Below: I found this pic in my archives recently but I don't remember where it was taken or who took it. However, it nicely illustrates what I describe in the following paragraphs when my crew were maneuvering to take on fuel from the Lead Tanker halfway across the North Atlantic in this story of Operation Pirate Trail A26, in which we escorted a Buccaneer from UK to Florida.
Things then progressed exactly as planned - but only for the next couple of hours. Tanker 2 topped up the Buccaneer a couple of times, once over Scotland and once heading out over the Atlantic, and then turned for home. As Tanker 3 we had a waiting role until we approached 20° West when it was time for us to give Tanker 1 sufficient fuel to allow him to continue with the Buccaneer to Goose Bay. Just as we were moving into the lead to do that, Tanker 1 reported on the inter-aircraft radio frequency that he had a fault that meant he would be unable to take on fuel. I cannot now remember what that fault was but it meant that Tanker 1 was incapable of completing its mission. John Elliott looked across the cockpit at me with an unspoken question in his eyes. I gave him an encouraging grin and a thumbs up. He announced to his crew and on the radio that we were assuming the role of Tanker 1. He moved smoothly behind the 'new' Tanker 2 and took on board the 20,000 lbs or so of fuel required for us and the Buccaneer to get to Goose Bay. The original Tanker 1 then turned about and returned to Marham.
It is worth pointing out that none of those in-flight changes to the plan had to be approved by anyone on the ground back at base or at Group HQ because they were all carried out strictly in accordance with the Tanker Standard Operating Procedures. As a matter of routine our AEO, John Chivers, kept Marham informed of the various changes of plan so that Marham Operations Wing and the squadron HQ could be informed and they, in turn, could let all the affected families know. Not once did I need to refer to myself as Captain because the crew acted exactly in accordance with the tanker SOP. That evening at Goose Bay, I debriefed my crew and told them that their formal VSU check was now over so that we could all enjoy a night off in Canada before returning to UK on the following day after refuelling the Buccaneer over New York.
Next morning, at pre-flight briefing with the Buccaneer crew, it became clear that there was cause for concern about the weather for our departure from Goose Bay. There would be thick frontal cloud from take-off up to about 30,000 feet. In what in 1975 was still a very remote area of Canada, there was no military radar available that could aid the Buccaneer to RV with us when we reached the top of the climb. Over Canada, there was the added problem that we would be operating in the civilian airways system on an international flight towards US airspace. Air Traffic Controllers always used to maintain that their job was to keep aircraft apart procedurally and they could not effect a mid-air RV even had they wanted to. The Royal Navy pilot wanted to carry out a stream take-off with us but allowing a Buccaneer to do that was not an approved procedure and was not practised even in the UK. However, I knew the Buccaneer pilot was very experienced so I stepped in, as Captain, and said that unless anyone on either crew had an objection, the Buccaneer could take-off 30-seconds after us and use his on-board radar to maintain a safe height and distance behind us until we reached the top of the cloud. There were no objections.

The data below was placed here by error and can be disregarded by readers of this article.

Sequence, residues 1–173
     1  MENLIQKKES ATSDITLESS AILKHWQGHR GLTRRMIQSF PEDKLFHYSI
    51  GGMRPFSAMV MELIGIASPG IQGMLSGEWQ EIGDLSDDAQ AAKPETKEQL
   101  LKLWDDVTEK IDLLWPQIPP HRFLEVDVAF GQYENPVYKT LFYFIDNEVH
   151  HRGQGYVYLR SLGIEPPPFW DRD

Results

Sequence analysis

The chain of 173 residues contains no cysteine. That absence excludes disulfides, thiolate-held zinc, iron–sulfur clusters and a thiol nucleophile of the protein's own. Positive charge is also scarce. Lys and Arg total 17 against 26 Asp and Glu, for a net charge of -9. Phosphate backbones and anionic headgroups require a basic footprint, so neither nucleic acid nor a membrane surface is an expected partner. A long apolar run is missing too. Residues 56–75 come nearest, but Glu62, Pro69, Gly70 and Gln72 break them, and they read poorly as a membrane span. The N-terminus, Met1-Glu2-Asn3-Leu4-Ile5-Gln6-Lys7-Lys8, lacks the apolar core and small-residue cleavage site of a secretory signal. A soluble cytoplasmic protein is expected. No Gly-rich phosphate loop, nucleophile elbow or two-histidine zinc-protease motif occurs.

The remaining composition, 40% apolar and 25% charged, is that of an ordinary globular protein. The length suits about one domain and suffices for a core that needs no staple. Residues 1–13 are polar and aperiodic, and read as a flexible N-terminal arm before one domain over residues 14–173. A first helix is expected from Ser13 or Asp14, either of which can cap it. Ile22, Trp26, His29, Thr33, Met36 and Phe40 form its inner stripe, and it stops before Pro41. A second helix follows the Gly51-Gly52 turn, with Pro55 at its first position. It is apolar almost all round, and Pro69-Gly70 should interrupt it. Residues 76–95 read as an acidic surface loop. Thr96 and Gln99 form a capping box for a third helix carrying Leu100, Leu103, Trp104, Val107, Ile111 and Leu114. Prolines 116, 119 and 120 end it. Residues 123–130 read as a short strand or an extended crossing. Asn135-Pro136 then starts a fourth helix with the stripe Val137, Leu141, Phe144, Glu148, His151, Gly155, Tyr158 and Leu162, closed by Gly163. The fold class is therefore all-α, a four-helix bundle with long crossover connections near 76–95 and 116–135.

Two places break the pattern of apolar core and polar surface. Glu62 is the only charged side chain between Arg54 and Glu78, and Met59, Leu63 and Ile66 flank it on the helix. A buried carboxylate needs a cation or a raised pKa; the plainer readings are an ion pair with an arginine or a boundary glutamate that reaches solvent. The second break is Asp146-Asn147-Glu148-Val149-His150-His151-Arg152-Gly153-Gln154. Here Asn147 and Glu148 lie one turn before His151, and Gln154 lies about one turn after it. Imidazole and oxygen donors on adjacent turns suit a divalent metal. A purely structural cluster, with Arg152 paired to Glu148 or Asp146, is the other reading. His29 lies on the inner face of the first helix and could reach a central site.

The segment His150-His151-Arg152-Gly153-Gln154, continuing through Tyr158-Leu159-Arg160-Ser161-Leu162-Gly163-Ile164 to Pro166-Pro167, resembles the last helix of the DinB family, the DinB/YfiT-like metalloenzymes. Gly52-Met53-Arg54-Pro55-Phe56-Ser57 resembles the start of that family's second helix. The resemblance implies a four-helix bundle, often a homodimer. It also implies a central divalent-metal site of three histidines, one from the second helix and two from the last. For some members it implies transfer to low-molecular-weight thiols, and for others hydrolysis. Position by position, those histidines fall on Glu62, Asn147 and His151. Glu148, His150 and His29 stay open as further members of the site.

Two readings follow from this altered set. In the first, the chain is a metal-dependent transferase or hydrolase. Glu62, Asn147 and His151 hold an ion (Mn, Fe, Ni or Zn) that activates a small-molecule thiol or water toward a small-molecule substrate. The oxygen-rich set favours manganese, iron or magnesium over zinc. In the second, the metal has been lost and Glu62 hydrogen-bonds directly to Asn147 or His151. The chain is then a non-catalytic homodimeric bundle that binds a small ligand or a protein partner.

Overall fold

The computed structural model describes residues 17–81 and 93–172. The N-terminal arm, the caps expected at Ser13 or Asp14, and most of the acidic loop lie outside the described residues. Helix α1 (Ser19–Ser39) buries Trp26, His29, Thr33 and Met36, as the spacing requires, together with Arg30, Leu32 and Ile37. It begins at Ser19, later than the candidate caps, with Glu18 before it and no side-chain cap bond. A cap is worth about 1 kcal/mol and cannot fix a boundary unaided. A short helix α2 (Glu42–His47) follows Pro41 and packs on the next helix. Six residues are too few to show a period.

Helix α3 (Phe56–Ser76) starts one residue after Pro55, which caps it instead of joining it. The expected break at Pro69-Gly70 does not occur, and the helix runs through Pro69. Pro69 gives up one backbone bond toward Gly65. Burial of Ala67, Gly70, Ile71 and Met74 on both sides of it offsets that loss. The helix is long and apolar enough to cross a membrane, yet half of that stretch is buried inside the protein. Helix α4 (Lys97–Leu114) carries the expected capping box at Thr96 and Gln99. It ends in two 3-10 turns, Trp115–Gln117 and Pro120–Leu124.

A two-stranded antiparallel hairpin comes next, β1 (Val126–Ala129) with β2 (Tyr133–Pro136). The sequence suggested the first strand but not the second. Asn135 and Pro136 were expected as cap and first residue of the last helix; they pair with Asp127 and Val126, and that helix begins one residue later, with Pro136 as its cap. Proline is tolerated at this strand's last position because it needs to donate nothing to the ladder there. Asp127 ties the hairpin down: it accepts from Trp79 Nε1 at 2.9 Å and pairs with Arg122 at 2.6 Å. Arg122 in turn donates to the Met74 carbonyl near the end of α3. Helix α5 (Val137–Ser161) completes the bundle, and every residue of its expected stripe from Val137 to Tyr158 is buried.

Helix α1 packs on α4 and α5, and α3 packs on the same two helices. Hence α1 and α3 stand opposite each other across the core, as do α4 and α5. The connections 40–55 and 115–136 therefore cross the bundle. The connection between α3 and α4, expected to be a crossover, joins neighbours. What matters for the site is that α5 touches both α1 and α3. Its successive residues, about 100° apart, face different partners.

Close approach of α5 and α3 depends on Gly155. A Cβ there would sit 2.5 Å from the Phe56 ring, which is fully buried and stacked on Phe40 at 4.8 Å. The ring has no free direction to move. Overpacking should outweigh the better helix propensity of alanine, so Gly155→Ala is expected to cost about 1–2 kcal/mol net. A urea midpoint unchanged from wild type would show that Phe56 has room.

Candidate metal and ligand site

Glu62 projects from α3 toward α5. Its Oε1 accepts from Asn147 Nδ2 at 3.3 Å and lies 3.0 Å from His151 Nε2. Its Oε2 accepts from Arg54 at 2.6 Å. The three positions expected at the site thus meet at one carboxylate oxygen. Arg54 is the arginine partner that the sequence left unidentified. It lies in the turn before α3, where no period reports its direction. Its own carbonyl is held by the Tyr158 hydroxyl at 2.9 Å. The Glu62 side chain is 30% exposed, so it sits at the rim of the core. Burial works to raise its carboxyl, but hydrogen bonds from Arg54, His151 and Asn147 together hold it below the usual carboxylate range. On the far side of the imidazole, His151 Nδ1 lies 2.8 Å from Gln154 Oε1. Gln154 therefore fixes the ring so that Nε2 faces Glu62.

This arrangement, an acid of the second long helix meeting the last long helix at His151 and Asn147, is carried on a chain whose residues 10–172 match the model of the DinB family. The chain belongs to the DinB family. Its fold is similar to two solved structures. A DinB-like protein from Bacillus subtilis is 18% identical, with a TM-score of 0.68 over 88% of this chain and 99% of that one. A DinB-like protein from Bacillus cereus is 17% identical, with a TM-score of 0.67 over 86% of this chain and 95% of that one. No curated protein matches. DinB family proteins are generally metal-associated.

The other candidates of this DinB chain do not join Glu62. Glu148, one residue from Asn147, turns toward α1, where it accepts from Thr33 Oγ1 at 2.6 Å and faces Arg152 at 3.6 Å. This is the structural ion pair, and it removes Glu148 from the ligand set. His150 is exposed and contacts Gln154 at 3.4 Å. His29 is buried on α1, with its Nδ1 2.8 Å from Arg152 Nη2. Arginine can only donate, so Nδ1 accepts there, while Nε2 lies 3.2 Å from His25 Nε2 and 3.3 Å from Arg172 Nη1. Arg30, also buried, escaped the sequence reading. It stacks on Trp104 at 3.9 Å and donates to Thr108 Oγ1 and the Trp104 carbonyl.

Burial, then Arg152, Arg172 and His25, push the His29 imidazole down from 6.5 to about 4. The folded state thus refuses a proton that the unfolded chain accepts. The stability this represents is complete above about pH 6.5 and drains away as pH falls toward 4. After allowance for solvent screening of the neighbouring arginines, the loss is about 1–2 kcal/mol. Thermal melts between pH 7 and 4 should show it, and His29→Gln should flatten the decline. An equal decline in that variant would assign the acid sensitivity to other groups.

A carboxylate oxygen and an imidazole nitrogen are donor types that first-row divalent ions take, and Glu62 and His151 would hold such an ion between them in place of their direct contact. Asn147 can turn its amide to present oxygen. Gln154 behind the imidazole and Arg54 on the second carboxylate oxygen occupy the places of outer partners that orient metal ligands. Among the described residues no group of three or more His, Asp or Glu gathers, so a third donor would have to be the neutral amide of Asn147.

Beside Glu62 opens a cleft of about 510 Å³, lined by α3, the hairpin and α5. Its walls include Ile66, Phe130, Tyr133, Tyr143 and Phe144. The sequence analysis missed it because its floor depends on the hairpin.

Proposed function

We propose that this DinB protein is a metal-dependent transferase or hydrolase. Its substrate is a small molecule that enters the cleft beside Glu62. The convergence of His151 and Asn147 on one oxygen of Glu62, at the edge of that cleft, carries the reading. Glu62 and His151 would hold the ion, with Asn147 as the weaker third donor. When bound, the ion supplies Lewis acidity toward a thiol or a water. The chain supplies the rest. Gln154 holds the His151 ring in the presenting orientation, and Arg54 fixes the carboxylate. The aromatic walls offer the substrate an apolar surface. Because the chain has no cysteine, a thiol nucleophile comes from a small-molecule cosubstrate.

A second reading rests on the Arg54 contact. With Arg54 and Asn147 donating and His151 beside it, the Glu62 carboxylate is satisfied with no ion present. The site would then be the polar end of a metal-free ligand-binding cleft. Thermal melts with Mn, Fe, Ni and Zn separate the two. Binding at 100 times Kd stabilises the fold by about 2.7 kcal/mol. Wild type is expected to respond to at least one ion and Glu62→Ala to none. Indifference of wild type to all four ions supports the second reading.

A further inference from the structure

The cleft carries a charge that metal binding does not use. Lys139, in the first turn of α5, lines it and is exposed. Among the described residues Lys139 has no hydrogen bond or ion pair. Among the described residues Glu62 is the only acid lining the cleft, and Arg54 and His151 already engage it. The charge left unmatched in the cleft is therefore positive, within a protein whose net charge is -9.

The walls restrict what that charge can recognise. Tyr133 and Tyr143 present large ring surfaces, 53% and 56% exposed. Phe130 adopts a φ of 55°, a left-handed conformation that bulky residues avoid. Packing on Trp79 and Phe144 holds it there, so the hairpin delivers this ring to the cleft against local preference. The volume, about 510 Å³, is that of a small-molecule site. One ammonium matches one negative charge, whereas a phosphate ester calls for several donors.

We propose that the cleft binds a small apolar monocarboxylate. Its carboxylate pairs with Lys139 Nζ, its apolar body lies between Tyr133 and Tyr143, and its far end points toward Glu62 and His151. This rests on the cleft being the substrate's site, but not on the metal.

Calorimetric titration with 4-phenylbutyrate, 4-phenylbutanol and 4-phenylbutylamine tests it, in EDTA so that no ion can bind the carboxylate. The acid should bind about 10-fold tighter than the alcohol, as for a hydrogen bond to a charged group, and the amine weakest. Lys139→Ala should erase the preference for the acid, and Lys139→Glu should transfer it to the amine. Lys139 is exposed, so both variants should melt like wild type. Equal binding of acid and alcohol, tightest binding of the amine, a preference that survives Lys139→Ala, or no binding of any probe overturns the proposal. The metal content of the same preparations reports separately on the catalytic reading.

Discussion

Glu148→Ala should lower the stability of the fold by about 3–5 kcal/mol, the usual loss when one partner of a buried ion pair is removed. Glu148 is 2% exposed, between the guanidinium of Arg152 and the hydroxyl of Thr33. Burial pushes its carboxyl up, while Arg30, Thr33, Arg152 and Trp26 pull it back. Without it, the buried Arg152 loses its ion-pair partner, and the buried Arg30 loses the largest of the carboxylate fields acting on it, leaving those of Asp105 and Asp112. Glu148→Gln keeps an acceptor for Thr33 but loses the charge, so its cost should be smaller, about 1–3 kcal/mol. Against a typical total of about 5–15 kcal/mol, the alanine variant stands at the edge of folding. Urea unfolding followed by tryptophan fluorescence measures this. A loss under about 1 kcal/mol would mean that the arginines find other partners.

But that was not all: the Met Officer told us that there was an unusually powerful south-westerly high level jet stream which meant that we could expect a 120 knot headwind component for the first 750 miles of the flight at least. The two navigators, Victor and Buccaneer, worked out that the Buccaneer would require more fuel, over and above that detailed in the Pirate Trail plan, in order for it to complete its flight safely to Florida. That meant that, after casting off the Buccaneer somewhere near New York, we would arrive back at Goose Bay on minimum fuel.
We heard the Buccaneer call "rolling" on the radio 30 seconds after us, as we had briefed, but by then we had already disappeared into the low cloud. During the climb to 31,000 feet, we flew through heavy snow precipitation for the first few thousand feet and it was very turbulent due to the dense frontal cloud. The Buccaneer was keeping tabs on us using his air-to-air radar and my refuelling operator, John Hudspeth, was using his old V Force bombing radar in a special mode which allowed him to look rearwards rather than downwards, so we knew the Buccaneer was following about two miles behind. Soon John Hudspeth reported that the Buccaneer was closing up. The tension in the Victor was palpable and my crew became very quiet. Visibility in the cloud was minimal. If the Buccaneer crew got too close, or with too much of a closing speed, there could have been a mid-air collision with disastrous results.
I told the Buccaneer pilot on the air-to-air radio (that could not be overheard by Air Traffic Control) that unless he had visual contact with me he should back off as he was too close for safety. He replied that he had good radar contact with us and there was no danger of collision. By keeping silent and trusting him, I condoned what he was doing. No-one in my crew expressed out loud any objection - but I hadn't asked them. A few minutes later, when the cloud was beginning to thin out, John Hudspeth reported that he could see the Buccaneer in close formation with us on the starboard side. Almost immediately we came out of cloud at 30,000 feet into a brilliant blue sky and we all relaxed. Unfortunately, as became clear later, the Buccaneer had used up much more fuel during the climb than had been planned.